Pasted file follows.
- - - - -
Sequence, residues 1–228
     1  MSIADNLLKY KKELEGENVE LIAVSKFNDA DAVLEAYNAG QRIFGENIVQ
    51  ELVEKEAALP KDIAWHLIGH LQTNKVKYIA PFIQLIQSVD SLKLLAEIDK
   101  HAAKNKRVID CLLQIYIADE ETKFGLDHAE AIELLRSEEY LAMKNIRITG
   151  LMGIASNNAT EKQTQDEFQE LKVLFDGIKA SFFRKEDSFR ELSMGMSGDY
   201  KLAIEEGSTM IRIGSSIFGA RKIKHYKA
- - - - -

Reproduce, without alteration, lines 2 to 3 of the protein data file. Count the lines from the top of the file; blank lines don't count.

     1  MSIADNLLKY KKELEGENVE LIAVSKFNDA DAVLEAYNAG QRIFGENIVQ
    51  ELVEKEAALP KDIAWHLIGH LQTNKVKYIA PFIQLIQSVD SLKLLAEIDK